In the case of a paysite, this is often a text-based wish list or a list of must-haves and items that can be compromised on, along with a list of example paysites or designs and either a close target design example or graphical mock-up.
If content is included, this is where having a test shoot or samples from possible content providers enter the picture to help shape the direction things will take.
Step 6) We get organized and define steps.
We have our resources chosen be it software, hosting, billing, content providers, designers, builders, marketers, and so on. We have our content and features and design narrowed down and have our lists and mock-ups.
Next, we break things into steps. For our theme project it was simple, all we needed to do was send a design company our mock-ups and pay their deposit.
For a paysite, this step is where most of the up-front spending happens and when the order of things is defined. Process of elimination typically sorts out this order. Has enough content been purchased or produced or does that need to happen first? If there’s content already but not web hosting, hosting needs to be secured before software can be purchased and building can begin.
Sometimes design can be done concurrently during the build process and other times it relies on the rest of the site being completed first. Often payment processors can’t review a site for compliance until it’s close to complete or appears ready to accept customers but sometimes for testing purposes, this needs to happen weeks prior to launch. These things need to be accounted for and steps laid out so there’s a clear path to follow.
Step 7) We work.
This step is self-explanatory. We do the work, whatever the work may be. In our case, much of the work consisted of sitting back and waiting (and anxiously pestering the design company) and giving them feedback as they progressed.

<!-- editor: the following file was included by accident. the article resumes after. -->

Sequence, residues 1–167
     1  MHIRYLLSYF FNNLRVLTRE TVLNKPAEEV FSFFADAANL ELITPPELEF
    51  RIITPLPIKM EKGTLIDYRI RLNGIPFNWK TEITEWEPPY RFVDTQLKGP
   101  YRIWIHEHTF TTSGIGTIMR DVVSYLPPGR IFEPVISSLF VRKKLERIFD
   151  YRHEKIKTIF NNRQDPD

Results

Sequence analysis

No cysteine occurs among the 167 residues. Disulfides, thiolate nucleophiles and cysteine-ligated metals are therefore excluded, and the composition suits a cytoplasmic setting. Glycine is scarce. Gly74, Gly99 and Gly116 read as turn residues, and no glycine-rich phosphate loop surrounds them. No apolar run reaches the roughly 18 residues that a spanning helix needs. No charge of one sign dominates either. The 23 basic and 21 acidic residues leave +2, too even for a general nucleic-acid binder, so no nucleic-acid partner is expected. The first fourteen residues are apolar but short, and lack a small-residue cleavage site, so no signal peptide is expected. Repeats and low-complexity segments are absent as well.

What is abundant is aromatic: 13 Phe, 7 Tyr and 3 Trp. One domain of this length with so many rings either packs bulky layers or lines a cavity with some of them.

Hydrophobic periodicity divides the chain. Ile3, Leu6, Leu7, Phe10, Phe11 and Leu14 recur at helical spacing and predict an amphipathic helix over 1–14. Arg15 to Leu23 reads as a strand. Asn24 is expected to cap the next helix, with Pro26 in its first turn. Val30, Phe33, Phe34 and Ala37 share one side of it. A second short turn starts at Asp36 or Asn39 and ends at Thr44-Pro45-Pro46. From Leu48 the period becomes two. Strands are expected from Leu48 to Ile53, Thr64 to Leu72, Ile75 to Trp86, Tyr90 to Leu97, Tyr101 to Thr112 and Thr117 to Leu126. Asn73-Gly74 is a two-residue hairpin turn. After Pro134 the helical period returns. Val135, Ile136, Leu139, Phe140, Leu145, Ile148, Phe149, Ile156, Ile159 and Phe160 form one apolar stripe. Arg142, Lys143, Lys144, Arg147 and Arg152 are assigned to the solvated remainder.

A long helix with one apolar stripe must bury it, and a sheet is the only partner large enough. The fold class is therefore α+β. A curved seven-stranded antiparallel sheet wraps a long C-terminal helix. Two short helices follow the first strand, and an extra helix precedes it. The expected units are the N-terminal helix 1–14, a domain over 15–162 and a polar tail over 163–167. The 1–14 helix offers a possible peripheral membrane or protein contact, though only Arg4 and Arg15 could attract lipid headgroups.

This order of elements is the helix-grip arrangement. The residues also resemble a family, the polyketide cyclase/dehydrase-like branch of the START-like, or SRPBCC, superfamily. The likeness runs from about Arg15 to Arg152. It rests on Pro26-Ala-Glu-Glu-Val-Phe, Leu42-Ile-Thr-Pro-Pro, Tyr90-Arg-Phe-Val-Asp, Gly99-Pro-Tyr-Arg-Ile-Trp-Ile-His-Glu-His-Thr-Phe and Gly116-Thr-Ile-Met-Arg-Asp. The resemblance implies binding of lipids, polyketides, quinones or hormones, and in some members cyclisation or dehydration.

For a paysite this may include filling in the blanks of the site by adding content, writing descriptions, SEO based titles, keyword tags and working on the “guts” of the site, overseeing production or web staff or as in our case, sitting back and waiting while the people you’ve paid and put your faith in do their work.
Step 8) We review, test and collect feedback.
We never just release something; rather, we sit on it for a while in some form. This might be one or multiple rounds of internal quality control, showing it to a few select clients, or an open beta period where select Elevated X software users, or in some cases all users are welcome to use something while we fine-tune.
This is where feedback is obtained before blowing the one shot there is at an official launch or heavy initial promotion.
By not being too hasty or getting over-anxious at this time, despite how tempting it is, we ensure that what we offer is well-received.
Step 9) We go live.
This is where we cross our fingers, pop the champagne and brace ourselves for success or failure.
Never launch on a Thursday or Friday. You always want to go live at a time when any staff you may rely on is already available and planning to work, not when they’ll be off for the evening or already beginning the weekend.
For us, we always soft-launch everything. This means that by the time anyone sees an Elevated X press release, whatever we’re announcing has likely been out for a period of weeks or even months and already in use by a fair number of our customers.
We don’t rush to promote, pay for advertising or over-hype something until we’ve polished it and it’s already proven well received by users.
Some paysites can benefit from a blitz or even a sustained series of heavy marketing efforts while others do better with doing a little at a time until they are ready to reach critical mass. Often budget and ROI dictate these things but I have never seen anyone risk too much or end up too deep in the hole with a slower approach.
Step 10) We do follow up work.
We might call this the maintenance phase but really, we are never complacent for very long. We are always listening to client feedback, seeing what others are doing and aside from seasonal ebb-and-flow, we don’t stagnate very much and paysite owners shouldn’t either.
AJ Hall is a 16-year adult industry veteran, winner of the 2016 XBIZ Tech Leadership Award and CEO of Elevated X Inc., a provider of popular adult site CMS software. Hall has spoken at industry trade shows and written for several trade publications. Elevated X software powers more than 2,000 leading adult sites, has been nominated for more than a dozen industry awards and won XBIZ Awards for the years 2012, 2014 and 2015 for Software Company of the Year.